I had an inquiry about how the Taig Spindle could be taken apart and the cartridge used elsewhere. I had to be honest and admit I had never taken one apart to investigate. Taig products are so well built there was never a need to disassemble the spindle.
The new spindles are different than the older versions. The new ones have the cartridge insert from the end. It slides into a machined bore. The old heads have a split case. The pictures here are the old head. Both hold the cartridge in place with a recessed screw into the center portion of the cartridge.
I wasn’t and still not interested in pushing apart one of my ER spindles to view the cartridge. There may be no harm, but if it isn’t broke now, why look for a problem? The old split case is no problem. The side will almost fall off when the bolts are loose. Probably the reason for the change to the new style.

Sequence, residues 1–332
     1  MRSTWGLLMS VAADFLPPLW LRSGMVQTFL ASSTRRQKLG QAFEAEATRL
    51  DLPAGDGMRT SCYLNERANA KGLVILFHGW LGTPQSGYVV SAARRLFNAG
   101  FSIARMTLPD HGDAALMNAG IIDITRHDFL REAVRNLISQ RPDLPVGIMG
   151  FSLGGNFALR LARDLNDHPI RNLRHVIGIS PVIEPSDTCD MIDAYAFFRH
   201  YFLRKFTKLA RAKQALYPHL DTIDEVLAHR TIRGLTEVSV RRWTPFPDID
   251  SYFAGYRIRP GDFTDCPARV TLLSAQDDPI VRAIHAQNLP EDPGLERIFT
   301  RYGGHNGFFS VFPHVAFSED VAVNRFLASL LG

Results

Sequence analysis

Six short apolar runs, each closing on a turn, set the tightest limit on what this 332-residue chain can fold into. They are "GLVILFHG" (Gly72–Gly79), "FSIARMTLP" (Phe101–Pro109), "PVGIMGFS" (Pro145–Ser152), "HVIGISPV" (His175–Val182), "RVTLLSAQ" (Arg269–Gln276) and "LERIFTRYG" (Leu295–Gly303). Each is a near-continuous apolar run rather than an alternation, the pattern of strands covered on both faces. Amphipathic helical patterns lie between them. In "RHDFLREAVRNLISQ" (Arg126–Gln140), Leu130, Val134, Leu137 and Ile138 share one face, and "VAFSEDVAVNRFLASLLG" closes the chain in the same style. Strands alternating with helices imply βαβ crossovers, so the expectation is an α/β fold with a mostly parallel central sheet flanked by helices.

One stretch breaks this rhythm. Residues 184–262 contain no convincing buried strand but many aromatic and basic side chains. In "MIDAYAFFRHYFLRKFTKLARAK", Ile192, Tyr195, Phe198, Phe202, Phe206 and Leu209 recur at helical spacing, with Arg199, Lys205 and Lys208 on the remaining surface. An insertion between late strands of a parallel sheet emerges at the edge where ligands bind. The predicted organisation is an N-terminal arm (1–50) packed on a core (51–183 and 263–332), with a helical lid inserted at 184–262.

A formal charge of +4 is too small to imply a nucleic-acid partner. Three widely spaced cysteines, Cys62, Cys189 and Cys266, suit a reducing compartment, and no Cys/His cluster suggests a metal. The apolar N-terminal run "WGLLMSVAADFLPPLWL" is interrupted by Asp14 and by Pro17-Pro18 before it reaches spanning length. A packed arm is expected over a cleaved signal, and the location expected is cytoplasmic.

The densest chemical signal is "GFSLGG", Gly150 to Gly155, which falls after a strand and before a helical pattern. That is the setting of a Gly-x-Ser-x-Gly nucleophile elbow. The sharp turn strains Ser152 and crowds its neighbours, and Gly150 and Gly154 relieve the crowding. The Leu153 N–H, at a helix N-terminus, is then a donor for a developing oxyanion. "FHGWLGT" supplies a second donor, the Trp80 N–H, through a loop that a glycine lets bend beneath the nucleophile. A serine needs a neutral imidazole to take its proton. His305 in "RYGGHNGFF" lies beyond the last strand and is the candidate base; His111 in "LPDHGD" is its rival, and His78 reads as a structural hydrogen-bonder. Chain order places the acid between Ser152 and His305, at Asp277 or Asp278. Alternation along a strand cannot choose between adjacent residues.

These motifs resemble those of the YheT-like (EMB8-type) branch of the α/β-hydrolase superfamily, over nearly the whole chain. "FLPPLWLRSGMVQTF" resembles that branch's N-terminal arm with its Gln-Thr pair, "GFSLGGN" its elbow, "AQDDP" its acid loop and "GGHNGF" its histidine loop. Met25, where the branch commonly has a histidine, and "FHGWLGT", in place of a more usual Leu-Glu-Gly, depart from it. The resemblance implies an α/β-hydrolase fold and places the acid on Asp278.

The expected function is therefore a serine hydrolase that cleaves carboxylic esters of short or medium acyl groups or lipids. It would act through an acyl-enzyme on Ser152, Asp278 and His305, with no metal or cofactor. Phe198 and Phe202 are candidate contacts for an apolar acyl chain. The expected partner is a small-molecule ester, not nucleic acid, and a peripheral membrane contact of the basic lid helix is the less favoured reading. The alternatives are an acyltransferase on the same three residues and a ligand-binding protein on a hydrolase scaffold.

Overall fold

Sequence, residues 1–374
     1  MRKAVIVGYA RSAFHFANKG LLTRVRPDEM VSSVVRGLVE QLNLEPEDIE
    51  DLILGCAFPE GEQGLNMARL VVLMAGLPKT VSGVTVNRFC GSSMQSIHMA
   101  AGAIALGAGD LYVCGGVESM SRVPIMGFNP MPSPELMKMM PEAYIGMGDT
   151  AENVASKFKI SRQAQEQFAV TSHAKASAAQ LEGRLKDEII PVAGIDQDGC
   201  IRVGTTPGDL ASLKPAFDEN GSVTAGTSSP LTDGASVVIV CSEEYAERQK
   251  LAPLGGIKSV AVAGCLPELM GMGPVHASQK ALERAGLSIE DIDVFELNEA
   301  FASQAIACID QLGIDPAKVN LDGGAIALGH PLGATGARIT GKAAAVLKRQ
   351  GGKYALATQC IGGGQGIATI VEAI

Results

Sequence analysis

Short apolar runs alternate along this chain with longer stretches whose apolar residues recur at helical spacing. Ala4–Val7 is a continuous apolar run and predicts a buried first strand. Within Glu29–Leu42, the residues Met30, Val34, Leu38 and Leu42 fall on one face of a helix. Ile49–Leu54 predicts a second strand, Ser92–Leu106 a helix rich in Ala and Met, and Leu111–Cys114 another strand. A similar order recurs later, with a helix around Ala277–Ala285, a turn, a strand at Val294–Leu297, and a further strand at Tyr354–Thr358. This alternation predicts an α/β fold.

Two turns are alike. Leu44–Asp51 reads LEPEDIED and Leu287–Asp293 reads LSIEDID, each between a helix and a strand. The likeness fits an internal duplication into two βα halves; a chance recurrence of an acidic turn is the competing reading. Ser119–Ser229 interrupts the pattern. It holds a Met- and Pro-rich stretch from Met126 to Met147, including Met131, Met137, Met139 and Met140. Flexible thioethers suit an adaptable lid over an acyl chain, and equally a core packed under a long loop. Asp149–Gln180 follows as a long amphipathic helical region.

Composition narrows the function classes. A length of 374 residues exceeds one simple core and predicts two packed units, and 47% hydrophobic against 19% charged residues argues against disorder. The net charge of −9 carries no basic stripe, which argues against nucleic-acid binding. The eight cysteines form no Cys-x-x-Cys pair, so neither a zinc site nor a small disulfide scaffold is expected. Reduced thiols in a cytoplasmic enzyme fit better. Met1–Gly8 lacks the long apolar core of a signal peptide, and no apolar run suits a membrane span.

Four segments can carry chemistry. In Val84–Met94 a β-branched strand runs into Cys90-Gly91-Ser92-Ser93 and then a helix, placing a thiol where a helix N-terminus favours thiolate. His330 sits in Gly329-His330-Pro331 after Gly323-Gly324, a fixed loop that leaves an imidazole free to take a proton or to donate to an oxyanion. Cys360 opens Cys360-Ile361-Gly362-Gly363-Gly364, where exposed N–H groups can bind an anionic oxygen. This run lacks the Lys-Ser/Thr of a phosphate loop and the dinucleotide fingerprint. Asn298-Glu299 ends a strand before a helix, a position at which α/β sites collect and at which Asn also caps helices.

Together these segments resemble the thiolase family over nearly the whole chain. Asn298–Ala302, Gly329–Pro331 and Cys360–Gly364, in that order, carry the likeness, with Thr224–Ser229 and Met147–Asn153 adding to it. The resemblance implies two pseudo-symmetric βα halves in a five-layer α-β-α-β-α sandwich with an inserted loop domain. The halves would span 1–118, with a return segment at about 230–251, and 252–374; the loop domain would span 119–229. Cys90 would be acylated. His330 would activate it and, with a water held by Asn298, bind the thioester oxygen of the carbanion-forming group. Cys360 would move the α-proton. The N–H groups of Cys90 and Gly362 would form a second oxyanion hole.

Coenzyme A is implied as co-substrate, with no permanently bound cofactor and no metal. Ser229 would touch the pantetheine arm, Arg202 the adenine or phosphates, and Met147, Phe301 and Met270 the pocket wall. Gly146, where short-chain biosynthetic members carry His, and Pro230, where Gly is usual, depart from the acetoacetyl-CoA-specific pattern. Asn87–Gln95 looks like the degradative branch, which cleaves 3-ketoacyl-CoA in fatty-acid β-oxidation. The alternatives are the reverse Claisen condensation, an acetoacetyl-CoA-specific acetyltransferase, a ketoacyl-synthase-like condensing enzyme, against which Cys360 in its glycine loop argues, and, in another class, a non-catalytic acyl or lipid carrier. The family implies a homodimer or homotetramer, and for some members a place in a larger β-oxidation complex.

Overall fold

At first look it appears to be four bearings. The center section is not bearings (as far as I can tell). The end bearings are compressed against the center core providing proper bearing pre-load. The pre-load nuts are on the outside against the bearing case. The center section is under compression.
To me it looks like a very elegant design and has been trouble free. First class machining, not like the cheap imports. It HAS to be to run at 10,000 rpm. That doesn’t imply all imports are cheap but few are rated for that kind of speed.
So I suppose you could make your own spindle case if required. I run the spindle at 10,000+ rpm all day with no heat buildup (after initial break-in). Perhaps the cartridge could be pushed faster with bearing cooling. However, for the novice there are other requirements like dynamic balance. There is a lot of mass there.
I read the “speeder” 30,000 rpm spindle adapter on the Tormach machine is really rated to 20,000 rpm. Even then, they have had to resort to dynamically balanced ER16 collet nuts to run at that speed. Experimenters beware.